Summary: 3rd in series challenging people to make Christmas more about what Jesus wants and less about what we want. Some thoughts are drawn from Mike Slaughter's book

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AM sermon preached at Central Christian Church December 15, 2013

A Different Kind of Christmas sermon series “Scandalous Love”

A couple of nights back Lori and I went to watch Lanee in her school’s Christmas program. Lori commented on the way how the last time we had gone to a school Christmas program together our kid’s were little. “And now,” she said, “here we are going to see our granddaughter in a program.” I responded with something like, “Are you trying to make me feel old, or what?” Anyway I’d been told a little about the program days before---the storyline centered around Martians visiting the earth and observing earthlings celebrating Christmas and then wanting to learn the reason for all the celebrating. Since this was a public school program and I was sure they wouldn’t be saying that the reason for the season is because Jesus was born, I was wondering what were they going to say. The program was very entertaining and it hit on the ideas of sharing and helping others in need. And the kids did a great job with their singing and speaking parts as they built up to the climactic moment in the program where they offered their answer for all of the celebrating----the reason for Christmas they sang in loud unison “is love.” Now the moment they sang those words, I thought to myself---well I guess that’s about as close as you can get at a public school program to the real reason. After the program I left feeling both pride and disappointment. I was proud of my granddaughter and I was disappointed that our nation under God has so wandered away from God that the name of God and the birth of Jesus can’t be mentioned at public school programs.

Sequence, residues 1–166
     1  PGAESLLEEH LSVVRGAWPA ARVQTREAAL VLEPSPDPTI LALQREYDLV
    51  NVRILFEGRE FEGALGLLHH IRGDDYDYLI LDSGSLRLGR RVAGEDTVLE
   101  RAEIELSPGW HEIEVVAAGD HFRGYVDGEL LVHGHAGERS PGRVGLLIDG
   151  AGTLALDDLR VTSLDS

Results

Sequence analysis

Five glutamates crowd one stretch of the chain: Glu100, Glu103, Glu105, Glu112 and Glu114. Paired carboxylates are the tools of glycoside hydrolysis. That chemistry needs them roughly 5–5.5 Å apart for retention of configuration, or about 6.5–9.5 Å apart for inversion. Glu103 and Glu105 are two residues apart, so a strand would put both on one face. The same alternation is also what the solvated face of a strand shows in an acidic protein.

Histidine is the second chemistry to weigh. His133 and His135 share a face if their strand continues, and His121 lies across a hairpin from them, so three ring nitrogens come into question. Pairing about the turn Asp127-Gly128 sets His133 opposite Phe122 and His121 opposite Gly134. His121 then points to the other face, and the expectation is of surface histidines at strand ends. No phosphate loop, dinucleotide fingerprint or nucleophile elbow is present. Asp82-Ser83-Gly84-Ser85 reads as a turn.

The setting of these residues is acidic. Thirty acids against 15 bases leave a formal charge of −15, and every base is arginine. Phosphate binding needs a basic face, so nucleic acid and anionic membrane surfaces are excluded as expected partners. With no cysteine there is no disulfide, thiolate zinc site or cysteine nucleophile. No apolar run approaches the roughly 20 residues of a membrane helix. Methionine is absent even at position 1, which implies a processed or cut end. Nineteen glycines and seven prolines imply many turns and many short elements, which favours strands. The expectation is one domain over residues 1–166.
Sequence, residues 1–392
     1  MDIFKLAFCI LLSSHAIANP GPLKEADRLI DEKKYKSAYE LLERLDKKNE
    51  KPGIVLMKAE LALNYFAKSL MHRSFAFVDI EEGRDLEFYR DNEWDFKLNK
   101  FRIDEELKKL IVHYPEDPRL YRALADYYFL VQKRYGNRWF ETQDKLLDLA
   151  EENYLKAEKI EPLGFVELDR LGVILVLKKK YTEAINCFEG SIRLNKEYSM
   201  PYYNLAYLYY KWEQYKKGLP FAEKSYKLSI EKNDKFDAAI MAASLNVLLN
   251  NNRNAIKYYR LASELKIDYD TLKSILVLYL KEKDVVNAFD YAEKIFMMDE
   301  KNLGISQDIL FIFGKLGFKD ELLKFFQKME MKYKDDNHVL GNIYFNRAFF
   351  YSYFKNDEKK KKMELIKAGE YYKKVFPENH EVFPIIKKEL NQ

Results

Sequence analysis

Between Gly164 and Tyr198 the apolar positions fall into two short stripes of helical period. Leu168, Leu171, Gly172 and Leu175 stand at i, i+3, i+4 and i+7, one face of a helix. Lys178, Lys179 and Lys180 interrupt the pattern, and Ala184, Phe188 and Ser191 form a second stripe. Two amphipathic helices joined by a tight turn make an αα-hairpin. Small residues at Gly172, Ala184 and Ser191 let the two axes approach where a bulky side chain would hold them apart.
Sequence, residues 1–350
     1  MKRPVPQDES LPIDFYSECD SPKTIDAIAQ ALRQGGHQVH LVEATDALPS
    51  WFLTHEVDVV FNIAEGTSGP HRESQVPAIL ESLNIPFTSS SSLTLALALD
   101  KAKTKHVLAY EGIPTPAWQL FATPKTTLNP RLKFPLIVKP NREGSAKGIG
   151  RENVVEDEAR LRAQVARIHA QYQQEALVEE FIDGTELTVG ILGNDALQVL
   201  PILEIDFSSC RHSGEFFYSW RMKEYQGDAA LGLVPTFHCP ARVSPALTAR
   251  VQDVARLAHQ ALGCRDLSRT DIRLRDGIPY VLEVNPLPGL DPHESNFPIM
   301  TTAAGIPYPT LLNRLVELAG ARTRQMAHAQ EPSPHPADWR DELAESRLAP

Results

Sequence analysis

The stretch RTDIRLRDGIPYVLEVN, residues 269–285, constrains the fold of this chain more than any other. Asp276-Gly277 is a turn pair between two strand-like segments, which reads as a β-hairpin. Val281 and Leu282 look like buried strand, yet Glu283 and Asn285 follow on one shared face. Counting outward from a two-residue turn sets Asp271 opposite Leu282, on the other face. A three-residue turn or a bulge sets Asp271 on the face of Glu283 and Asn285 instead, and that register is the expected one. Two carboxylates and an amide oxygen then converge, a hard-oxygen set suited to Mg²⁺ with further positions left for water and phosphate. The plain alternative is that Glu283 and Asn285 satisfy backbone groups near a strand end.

It’s really kind of goofy when you think about it. I don’t know maybe maddening would be a better choice than goofy. Seriously have we thought about what we have to do next under the demands of political correctness and tolerance which, of course, has come in many cases to mean reverse discrimination? Will we be told to stop bringing up Lincoln’s and Washington’s birthdays on President’s day? Will we be told not to bring up Martin Luther King’s name on MLK day and if kids ask we’re to tell them the reason we celebrate that day is equality? Will we have to stop recognizing veteran’s on Veteran’s day?...and while we’re at it will we have to stop talking about any holiday references that have any connection to war because well you know, some people just don’t believe in war. Don’t you ever wonder where does the insanity stop?

Yes, friends, the reason we celebrate Christmas is love---but it’s not love in the general sense---the reason we celebrate Christmas is love in the very specific sense that God so loved the world that He gave His Son, Jesus. Christmas is not a celebration of your birthday and it’s not a celebration of my birthday. It’s a time when we celebrate the birth of Jesus---or at least that’s reason the holiday was started. Celebrate Jesus’ birth, that’s what I want to do more than anything else this Christmas season. And by saying I want to celebrate Jesus’ birth, I’m not just talking about feeling good about His coming. I’m not just talking about singing songs about Him. I’m not just talking about taking the time to reread the Biblical accounts of Jesus’ birth. While all of those things are good and important, I want something more. I want something to take place in me. I don’t want to simply go through the motions, I want my celebration to run a lot deeper than that---I want to celebrate His coming at the very core of my being as these things remind me how His light has shined upon my darkness. And I hope that’s what you want more than anything else this Christmas season too.

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